- JSS should be paired with a Static Site Generator (ex: Vercel or Uniform) to guarantee high performance and to prevent real-time access to the Sitecore data layer.
- Both of the above approaches require 100% commitment to a Jamstack approach to website development. Contextual visitor data and real-time data access should be handled out-of-band by AJAX calls rather than during the initial page request.
Performance Problems on the Editor Side of Sitecore
Often the complaint "Sitecore is slow" doesn't come from the page analytics team, but from the content authoring group. Ensuring that Sitecore is reliable and easy to use for content maintenance is absolutely key to the success of the installation. Let's look at the most common problems encountered:
Problem: Using Item Cloning or Language Fallback
Sitecore Item Cloning was a unique solution to an intractable problem, but it's never the best solution to the problem. Cloning overrides Sitecore's default field value resolver to allow you to essentially copy one Item and maintain the reference back to the original, to keep the two in lock step. Aside from the Content Authoring challenges this system exposes, Cloning creates some very real performance problems:
- Distinguishing cloned content or modifying "parents" of clones in the Experience Editor can be a challenging experience for content authors.
- Content Authors attempting to edit content in a heavily cloned system may have to wait minutes for pages to load in the Content Editor or Experience Editor.
- Clones cause similar processing delays with Sitecore's publishing features.
If a Sitecore system was implemented with Cloning as a core strategy, the best solution is usually to start from scratch and re-implement the system without cloning.
Sitecore Language Fallback is a feature that allows a page component to display an alternate language should there be no data for the context language. This technology was released in Sitecore version 7 series, and pre-dates the idea of "Final Renderings" and language-specific page layout. Aside from a lack of compatibility with the more modern Presentation Details structure, Language Fallback causes performance problems during page response generation, as for each Item referenced by the page, it must walk through all installed System languages looking for the "best fit" content.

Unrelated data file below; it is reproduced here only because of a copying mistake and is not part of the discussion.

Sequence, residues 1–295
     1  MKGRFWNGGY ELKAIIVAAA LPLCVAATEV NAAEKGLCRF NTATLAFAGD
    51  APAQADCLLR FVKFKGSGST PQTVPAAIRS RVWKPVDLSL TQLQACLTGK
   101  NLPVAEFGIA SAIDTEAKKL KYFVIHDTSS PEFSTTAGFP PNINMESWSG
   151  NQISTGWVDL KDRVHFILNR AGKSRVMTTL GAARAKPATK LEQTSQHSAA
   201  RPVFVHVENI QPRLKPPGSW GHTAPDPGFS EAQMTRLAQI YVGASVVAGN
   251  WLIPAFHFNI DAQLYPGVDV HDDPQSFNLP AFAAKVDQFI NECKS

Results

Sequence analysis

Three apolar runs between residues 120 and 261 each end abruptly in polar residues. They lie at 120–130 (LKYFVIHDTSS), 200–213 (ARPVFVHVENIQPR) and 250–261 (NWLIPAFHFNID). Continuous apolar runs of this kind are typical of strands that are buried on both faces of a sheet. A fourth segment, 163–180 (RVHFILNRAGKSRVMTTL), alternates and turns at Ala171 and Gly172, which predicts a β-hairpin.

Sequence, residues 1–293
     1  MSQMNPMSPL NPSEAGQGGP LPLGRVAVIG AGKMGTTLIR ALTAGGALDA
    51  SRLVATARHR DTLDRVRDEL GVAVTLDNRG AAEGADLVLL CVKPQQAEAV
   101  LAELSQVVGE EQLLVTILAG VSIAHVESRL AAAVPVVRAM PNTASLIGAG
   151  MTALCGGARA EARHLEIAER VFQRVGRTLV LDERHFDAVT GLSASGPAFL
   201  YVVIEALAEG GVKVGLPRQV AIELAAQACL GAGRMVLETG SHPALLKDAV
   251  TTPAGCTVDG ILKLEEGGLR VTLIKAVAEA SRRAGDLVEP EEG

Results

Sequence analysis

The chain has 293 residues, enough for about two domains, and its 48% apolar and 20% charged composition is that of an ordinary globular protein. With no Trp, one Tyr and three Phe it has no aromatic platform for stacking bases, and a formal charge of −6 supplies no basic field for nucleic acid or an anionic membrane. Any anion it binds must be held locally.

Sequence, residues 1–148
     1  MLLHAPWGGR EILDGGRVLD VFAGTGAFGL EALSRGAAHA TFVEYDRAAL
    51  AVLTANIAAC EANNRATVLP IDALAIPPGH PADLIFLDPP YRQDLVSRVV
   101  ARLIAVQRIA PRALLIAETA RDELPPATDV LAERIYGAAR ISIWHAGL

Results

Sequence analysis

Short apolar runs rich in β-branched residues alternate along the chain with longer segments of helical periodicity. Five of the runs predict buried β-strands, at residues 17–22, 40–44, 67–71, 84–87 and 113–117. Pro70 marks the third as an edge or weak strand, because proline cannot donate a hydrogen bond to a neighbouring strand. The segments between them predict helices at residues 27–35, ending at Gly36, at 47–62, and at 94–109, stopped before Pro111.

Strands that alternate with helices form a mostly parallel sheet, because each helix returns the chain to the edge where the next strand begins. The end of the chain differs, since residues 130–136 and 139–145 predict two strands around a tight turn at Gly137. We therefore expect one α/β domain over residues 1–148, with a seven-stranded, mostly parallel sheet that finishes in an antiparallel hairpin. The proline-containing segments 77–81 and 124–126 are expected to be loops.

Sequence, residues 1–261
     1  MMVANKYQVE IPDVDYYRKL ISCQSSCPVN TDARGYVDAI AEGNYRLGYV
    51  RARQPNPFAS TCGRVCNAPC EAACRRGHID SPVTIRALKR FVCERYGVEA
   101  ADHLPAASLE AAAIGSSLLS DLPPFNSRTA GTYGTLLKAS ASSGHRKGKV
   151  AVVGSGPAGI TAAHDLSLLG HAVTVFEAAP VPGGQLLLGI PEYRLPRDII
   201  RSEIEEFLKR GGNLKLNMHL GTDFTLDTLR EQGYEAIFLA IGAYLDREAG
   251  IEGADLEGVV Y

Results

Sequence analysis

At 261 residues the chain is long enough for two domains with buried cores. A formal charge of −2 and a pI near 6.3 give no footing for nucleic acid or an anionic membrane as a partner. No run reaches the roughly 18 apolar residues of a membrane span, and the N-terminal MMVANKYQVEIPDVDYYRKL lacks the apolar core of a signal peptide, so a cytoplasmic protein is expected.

As for mitigation, Language Fallback can be "disabled" by bringing all in-system languages into full coverage, rendering fallback unnecessary. If 1:1 translation is not an option, significant content tree organization to separate language options and regionalized sites may be required. Extensive regression testing will also be required to ensure disabling Language Fallback will not introduce runtime errors.
Verndale Best Practice
- Don't use the Item Cloning feature of Sitecore, particularly for sites with high traffic needs.
- Don't use the Language Fallback feature of Sitecore. Develop a sustainable strategy for regional content and translation rather than a stopgap measure.
Sitecore is an incredibly flexible framework for designing enterprise websites. But the solution will only be as good as the implementer. All programming, from SQL to PHP, suffers from the same liabilities. A programmer building a website that will support a significant number of visitors needs to think about problems in a very different way than a programmer designing a single-user desktop application. Every aspect of getting data out of a database, formatting it for display, and delivering it to the browser needs to be tested against realistic traffic expectations. That said, optimization at every level can get expensive. Here's some guidance on how to attack the problem:
- The industry-standard approach to scalability and performance is to concentrate on the "edge." Utilize a CDN in every way possible for Media Library, static files, and most importantly for HTML.
- Put your web pages on a diet. Cut out every unnecessary pixel in images. Don't download any CSS or JS that you don't need to render a given page.
- Use Google PageSpeed Insights to trim any fat you haven't already removed in the first 3 steps.
- Where you must access real-time content, make sure that the content is stored in a way that makes it fast to retrieve. Keep it semantic, and keep relevant Items together. Make sure your retrieval methods (XPATH or ContentSearch API) are as efficient as possible.
- Avoid performance sucking complexity like SXA, Cloning, Language Fallback, and realtime JSS.
- Never use JSS without static site generation.
- Never use XDB/Personalization. Convert to the SaaS based Sitecore Personalize and Sitecore CDP.